{{:Install/Profiles}}
 
{{:Install/NextSteps}}
 
  
 
[[Category:HOWTO]]
 
[[Category:HOWTO]]
[[Category:Install]]
+
[[Category:First Steps]]
[[Category:Official Documentation]]
+
</div><div class="col-md-3 col-hidden-sm col-hidden-xs"><div id="tocwrap" >
+
__TOC__
+
</div></div></div>
+

Latest revision as of 05:43, November 12, 2014

Introduction

This tutorial leads you through the process of backing up and restoring your OS. This process is completed using the rsync tool that is included in SystemRescueCd.

Why SystemRescueCd?

The usage of SystemRescueCD is quite simple: it enables us to backup the contents of our entire OS.

Backing Up

Preparation

By default, SystemRescueCd provides a /mnt/backup mount point. We will use this. There is no mount point for Funtoo. We have to create one:

# install -d /mnt/funtoo

When you use SystemRescueCd to backup you OS for the first time, you also have to create mount points for additional partitions. In this tutorial we assume that there is a /boot and a /home partition. Create the directories in /mnt/funtoo:

# install -d /mnt/funtoo/boot
# install -d /mnt/funtoo/home

We also assume that we are backing up a sytem to an external drive. Plug in the USB device and power it on.

# cat /proc/partitions
major minor  #blocks  name  
 8        0  488386584 sda 
 8        1     512000 sda1 
 8        2      32768 sda2  
 8        3    2097152 sda3  
 8        4   52428800 sda4  
 8        5  433314823 sda5  
 8        16  488386584 sdb 
 11        0    1048575 sr0  
 8       48  488386584 sdd   
 8       49  229032928 sdd1  
 8       52          1 sdd4  
 8       53  259352576 sdd5

The above command helps you to determine the device name. Lets's suppose that your backup device is /dev/sdd1. Mount the device now - along with your Funtoo partitions.

# mount /dev/sdd1 /mnt/backup
# mount /dev/sda4 /mnt/funtoo
# mount /dev/sda5 /mnt/funtoo/home
# mount /dev/sda1 /mnt/funtoo/boot

Backup

Now, we backup our Funtoo partition:

# rsync -aHA --del --force --stats --progress /mnt/funtoo /mnt/backup

Snapshot

Once this command has completed, you can create a snapshot. Create a snapshot folder if there is none:

# install -d /mnt/backup/snapshot

Give your snapshot copy a name that includes the date. Therefore, you may keep as many snapshot copies as you want and use one of those copies to restore your system to its state at any given date:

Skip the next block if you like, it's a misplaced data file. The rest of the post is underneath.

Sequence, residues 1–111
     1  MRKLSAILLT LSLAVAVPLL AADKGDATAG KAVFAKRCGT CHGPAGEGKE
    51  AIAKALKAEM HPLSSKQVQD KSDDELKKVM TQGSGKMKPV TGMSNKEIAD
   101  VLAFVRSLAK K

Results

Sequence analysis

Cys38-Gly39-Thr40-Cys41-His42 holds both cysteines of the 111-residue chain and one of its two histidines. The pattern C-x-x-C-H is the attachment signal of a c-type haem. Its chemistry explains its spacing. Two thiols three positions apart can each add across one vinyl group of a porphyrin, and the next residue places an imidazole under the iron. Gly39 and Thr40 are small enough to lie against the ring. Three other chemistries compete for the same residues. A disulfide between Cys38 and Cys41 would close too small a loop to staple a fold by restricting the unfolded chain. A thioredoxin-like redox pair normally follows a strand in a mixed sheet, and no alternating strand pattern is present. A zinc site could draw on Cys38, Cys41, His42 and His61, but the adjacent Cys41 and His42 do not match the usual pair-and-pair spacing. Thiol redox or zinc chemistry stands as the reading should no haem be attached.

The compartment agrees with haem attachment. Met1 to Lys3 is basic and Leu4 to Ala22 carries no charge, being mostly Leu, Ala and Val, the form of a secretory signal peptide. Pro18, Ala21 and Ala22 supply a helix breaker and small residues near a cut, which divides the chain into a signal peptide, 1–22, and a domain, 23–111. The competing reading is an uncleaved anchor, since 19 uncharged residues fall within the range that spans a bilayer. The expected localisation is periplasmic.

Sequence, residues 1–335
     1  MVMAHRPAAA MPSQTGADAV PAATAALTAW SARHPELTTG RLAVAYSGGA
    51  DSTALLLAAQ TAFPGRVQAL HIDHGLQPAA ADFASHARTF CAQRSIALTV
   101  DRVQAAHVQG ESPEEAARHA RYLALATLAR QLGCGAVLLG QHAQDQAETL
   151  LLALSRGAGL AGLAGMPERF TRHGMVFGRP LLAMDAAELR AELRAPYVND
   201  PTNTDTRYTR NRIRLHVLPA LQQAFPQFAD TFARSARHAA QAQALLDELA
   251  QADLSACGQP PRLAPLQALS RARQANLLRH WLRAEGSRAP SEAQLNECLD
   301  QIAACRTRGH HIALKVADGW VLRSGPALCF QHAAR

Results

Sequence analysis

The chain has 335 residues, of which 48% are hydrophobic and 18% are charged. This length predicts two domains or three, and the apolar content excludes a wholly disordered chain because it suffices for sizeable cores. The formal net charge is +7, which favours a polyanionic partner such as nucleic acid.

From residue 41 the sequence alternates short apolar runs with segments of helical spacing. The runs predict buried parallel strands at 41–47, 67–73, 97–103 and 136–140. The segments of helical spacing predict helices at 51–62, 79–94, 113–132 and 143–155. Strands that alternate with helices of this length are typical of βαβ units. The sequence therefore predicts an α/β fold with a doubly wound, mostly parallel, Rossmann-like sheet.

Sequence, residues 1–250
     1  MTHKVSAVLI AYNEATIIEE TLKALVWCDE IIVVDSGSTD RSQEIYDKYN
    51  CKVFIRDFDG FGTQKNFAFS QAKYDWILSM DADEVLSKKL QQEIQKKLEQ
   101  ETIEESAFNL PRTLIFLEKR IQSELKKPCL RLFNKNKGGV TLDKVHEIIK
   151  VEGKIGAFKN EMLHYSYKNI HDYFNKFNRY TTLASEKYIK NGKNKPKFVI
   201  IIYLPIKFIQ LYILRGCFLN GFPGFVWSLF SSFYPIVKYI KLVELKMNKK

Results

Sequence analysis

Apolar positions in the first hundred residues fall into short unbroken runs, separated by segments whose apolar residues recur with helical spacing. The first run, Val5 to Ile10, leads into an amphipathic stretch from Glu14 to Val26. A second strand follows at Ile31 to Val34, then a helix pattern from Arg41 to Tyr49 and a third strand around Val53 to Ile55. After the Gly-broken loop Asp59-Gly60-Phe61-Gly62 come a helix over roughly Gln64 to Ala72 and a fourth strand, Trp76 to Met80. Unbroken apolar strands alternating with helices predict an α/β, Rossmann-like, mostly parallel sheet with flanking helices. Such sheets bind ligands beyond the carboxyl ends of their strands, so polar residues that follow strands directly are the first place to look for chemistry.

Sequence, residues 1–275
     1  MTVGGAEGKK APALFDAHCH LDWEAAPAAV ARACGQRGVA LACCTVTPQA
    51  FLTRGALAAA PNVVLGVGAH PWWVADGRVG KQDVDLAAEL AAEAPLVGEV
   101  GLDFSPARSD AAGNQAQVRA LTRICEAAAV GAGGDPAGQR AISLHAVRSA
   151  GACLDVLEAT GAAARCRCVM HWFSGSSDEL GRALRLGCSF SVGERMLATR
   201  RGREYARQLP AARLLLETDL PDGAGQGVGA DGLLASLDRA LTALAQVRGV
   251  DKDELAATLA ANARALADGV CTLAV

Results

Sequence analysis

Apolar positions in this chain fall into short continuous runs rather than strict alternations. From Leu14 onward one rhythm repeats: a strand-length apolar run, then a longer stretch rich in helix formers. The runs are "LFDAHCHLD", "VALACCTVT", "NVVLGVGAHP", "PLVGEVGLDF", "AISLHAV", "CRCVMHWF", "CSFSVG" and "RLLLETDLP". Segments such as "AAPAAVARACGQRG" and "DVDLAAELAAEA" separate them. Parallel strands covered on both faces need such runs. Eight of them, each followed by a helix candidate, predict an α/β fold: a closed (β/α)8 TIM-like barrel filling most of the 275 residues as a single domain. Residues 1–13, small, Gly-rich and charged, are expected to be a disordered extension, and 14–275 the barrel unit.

# cp -al /mnt/backup/funtoo /mnt/backup/snaphot/snap-2K014B26-a

Note

In our example, the name of the snapshot tells us that it was created on February 26th (B26) 2014 and it is the first one (a) made on that date. 


Log of backups

Logging backups is not mandatory but can be useful. Create a log file and add a descriptive, yet short record for each of your backup. Here is an example:

Date                 File                  Description
-----------------    --------------------  ----------------------------------------------------------
Feb 26th 2014        snap-2K014B26-a       Backup after system update :                                            
                                             - New kernel installed


Restoring

First, you have to boot your PC with SystemRescueCd. Next, create and format partitions as per installation guide. For the sake of brevity, we assume that we are restoring the /boot, / and /home partitions. First, you must create a mount point for Funtoo:

# install -d /mnt/funtoo


Mount partitions

# mount /dev/sdd1 /mnt/backup
# mount /dev/sda4 /mnt/funtoo
# mount /dev/sda5 /mnt/home
# mount /dev/sda1 /mnt/boot

Warning

If /home and /boot fail to mount, simply create the appropriate mount points and run the mount commands again.

Restoring from latest backup

# rsync -aHA --del --force --stats --progress /mnt/backup/funtoo/ /mnt/funtoo

Note

The / at the end of /mnt/backup/funtoo/ is mandatory -- not a typo.


Restoring from a previous backup

# rsync -aHA --del --force --stats --progress /mnt/backup/snapshot/snap-2K014B26-a/ /mnt/funtoo

Note

The / at the end of /mnt/backup/snapshot/snap-2K014B26-a/ is mandatory -- not a typo.


Restoring GRUB2

Once the system has been restored, GRUB2 must be reinstalled. The example below is for a GRUB/Bios partition schema. This assumes that the Funtoo partitions were created on /dev/sda:

# cd /mnt/funtoo
# mount -t proc none proc
# mount -o bind /dev dev
# mount -o bind /sys sys
# swapon /dev/sda3
# cp /etc/resolv.conf etc
# env -i HOME=/root TERM=$TERM chroot . bash -l
# grub-install /dev/sda

Warning

If, for some reason, the partitions were not created on the same devices -- (let's say they were moved from /dev/sda to /dev/sdb) -- please amend /etc/boot.conf and /etc/fstab accordingly before running boot-update.

# boot-update

You're done. Unmount partitions and reboot.


Credit

This is an as-is translation by Guy Fontaine (AKA Aramis_qc) of an original French tutorial written by Sylvain Alain (AKA d2_racing). Some parts were reviewed and modified to reflect Funtoo GNU/Linux instead of Gentoo GNU/Linux.